A new robot has overcome a fundamental challenge of locomotion by teaching itself how to walk. Researchers from Google developed algorithms that helped the four-legged bot to learn how to walk across a range of surfaces within just hours of practice, annihilating the record times set by its human overlords. Their system uses deep reinforcement learning, a form of AI that teaches through trial and error by providing rewards for certain actions. This technique is typically evaluated in virtual environments. However, building simulations that could replicate the robot walking on various surfaces would be highly complex and time-consuming, so the researchers chose to train their system in the real world.
For example, in Terminator XXVIII: Rise of the Earthlings (2051), a brave young android is tasked with saving the world from an army of killer humans sent from the future to destroy robotkind. Leading the human rebellion is Barry, an 18-stone unemployed bus driver from Caerphilly whose powers include the ability to eat a foot-long meatball marinara from Subway in under nine seconds. In the war zones of the future, robot generals will send human beings on to the battlefield to check for land mines and other unexploded devices. "Previously, this highly dangerous work was carried out by bomb disposal robots," explains Major-General Sir Optimus Prime. "Sending human beings instead will reduce the risk to robot life.
A car factory robot, adapted by British scientists to work in a chemistry lab, completed an experiment in three days that would have taken a human months. University of Liverpool researchers reprogrammed the £100,000 autonomous arm, giving it enough intelligence that it can perform experiments without input. The robot is significantly more efficient, able to perform up to 700 experiments in a week - the same number a student might complete over the course of a PhD. It has already made a contribution to the Liverpool lab where it is based, working around the clock to complete 688 different experiments over 172 hours. The developers said the goal was to find a way to'automate the researcher' rather than the tools that scientists use to carry out experiments.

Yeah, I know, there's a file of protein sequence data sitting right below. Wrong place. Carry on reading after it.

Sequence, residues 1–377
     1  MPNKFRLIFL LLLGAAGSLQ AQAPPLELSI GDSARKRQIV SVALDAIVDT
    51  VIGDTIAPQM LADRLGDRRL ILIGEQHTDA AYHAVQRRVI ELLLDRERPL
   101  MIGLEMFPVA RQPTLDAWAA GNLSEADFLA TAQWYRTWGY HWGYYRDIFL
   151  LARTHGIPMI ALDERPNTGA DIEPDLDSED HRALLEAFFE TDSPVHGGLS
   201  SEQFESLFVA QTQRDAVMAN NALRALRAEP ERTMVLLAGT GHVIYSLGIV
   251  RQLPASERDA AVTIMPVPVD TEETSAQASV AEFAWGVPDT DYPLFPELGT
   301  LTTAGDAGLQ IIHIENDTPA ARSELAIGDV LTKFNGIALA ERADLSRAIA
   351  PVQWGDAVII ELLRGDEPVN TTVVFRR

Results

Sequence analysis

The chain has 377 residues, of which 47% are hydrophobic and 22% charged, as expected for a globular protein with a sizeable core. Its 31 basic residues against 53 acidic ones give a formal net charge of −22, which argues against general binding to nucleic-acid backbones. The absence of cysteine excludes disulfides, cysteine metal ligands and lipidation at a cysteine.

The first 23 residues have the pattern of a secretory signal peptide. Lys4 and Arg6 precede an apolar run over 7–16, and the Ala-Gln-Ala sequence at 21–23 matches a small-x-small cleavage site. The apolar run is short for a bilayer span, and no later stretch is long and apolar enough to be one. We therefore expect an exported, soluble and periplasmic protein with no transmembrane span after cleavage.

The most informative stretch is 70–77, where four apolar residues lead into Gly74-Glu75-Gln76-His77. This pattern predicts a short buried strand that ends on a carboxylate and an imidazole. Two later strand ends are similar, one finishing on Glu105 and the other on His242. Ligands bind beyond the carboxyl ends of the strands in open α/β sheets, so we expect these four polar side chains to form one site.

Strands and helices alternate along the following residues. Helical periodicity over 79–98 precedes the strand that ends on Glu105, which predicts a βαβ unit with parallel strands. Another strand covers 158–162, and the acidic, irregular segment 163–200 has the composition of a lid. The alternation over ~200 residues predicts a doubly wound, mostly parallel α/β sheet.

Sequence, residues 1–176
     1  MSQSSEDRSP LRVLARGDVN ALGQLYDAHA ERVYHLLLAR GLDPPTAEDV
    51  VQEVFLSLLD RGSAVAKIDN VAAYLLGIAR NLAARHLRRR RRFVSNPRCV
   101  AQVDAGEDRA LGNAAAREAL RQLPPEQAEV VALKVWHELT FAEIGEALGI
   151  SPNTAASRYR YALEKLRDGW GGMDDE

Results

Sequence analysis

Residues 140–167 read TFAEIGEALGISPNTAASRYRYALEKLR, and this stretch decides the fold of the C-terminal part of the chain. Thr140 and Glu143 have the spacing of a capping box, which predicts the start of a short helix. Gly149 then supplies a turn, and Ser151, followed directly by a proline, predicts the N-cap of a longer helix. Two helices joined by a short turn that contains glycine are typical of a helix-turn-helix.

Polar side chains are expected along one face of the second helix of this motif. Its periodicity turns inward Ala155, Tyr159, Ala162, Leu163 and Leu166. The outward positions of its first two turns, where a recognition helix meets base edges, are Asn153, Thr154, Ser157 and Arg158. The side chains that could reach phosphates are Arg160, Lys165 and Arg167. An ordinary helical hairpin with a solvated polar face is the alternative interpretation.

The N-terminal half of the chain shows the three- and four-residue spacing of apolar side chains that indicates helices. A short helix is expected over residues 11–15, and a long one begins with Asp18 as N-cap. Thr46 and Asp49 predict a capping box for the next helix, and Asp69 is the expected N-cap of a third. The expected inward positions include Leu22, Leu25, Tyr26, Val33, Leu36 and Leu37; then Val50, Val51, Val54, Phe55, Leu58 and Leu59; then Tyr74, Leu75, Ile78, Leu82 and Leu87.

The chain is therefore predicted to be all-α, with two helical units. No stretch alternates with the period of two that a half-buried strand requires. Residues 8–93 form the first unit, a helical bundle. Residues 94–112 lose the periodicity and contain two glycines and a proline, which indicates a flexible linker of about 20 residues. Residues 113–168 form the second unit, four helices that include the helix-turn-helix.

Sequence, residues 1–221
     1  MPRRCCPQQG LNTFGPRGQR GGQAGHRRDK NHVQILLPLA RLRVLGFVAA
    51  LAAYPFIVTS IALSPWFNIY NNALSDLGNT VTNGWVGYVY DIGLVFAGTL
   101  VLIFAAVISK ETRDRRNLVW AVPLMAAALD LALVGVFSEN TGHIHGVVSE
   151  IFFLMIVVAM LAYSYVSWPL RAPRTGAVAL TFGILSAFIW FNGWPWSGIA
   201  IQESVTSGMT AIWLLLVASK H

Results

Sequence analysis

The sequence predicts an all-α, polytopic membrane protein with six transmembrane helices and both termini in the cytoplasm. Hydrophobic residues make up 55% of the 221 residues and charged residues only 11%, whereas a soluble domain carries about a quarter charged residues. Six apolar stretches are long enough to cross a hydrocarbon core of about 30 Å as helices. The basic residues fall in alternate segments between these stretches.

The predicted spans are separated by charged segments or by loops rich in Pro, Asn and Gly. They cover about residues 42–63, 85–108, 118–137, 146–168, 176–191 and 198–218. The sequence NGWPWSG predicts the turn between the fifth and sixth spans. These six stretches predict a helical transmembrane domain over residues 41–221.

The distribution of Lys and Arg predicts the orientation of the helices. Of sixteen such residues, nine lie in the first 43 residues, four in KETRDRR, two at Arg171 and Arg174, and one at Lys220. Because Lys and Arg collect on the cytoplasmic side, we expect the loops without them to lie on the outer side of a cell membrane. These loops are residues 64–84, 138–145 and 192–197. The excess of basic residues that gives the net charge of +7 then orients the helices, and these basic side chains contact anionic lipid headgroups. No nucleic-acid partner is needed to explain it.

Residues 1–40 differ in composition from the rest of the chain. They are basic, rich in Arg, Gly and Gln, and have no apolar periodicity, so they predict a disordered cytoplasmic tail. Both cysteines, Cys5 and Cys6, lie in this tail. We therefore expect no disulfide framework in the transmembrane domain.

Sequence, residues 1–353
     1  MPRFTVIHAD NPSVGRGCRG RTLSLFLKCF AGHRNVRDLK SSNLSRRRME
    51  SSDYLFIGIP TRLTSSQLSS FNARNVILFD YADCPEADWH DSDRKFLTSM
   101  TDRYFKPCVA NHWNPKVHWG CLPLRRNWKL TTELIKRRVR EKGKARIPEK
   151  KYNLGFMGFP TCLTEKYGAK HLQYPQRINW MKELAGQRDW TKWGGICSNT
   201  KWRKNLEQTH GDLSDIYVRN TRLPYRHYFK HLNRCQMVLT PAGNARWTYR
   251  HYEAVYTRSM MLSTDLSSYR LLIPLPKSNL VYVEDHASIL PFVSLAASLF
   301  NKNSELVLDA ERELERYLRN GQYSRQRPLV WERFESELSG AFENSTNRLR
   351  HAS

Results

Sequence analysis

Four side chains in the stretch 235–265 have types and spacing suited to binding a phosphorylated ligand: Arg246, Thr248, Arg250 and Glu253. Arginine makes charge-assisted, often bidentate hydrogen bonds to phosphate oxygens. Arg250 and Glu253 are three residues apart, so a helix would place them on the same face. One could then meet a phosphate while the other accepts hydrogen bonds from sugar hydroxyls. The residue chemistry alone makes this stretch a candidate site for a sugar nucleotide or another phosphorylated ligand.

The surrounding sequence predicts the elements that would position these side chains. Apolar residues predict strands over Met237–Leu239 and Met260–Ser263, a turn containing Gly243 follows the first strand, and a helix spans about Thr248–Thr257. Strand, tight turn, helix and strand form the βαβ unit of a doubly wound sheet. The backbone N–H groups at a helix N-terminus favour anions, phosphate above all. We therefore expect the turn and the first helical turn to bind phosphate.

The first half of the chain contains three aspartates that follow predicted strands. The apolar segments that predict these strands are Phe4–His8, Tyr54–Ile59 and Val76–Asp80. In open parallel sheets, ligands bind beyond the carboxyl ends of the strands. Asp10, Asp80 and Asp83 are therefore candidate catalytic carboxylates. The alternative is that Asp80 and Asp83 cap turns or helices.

Researchers at Google have developed a four-legged robot that learned to walk forward and backward, and turn left and right, completely on its own in just a few hours. The team developed a more efficient algorithm that could learn with fewer trials and thus fewer errors; the improved algorithm helped the robot learn to walk within two hours. In addition, the team trained the robot in a real physical environment from the beginning, rather than starting with simulations as in previous studies. Since the physical environment provided natural variation, the robot quickly adapted to other similar environments. Jie Tan, who leads the robotics locomotion team at Google Brain, believes cracking locomotion will be key to unlocking more useful robots.
Robots offer an opportunity to enable people to live safely and comfortably in their homes as they grow older. In the near future (we're all hoping), robots will be able to help us by cooking, cleaning, doing chores, and generally taking care of us, but they're not yet at the point where they can do those sorts of things autonomously. Putting a human in the loop can help robots be useful more quickly, which is especially important for the people who would benefit the most from this technology--specifically, folks with disabilities that make them more reliant on care. Ideally, the people who need things done would be the people in the loop telling the robot what to do, but that can be particularly challenging for those with disabilities that limit how mobile they are. If you can't move your arms or hands, for example, how are you going to control a robot?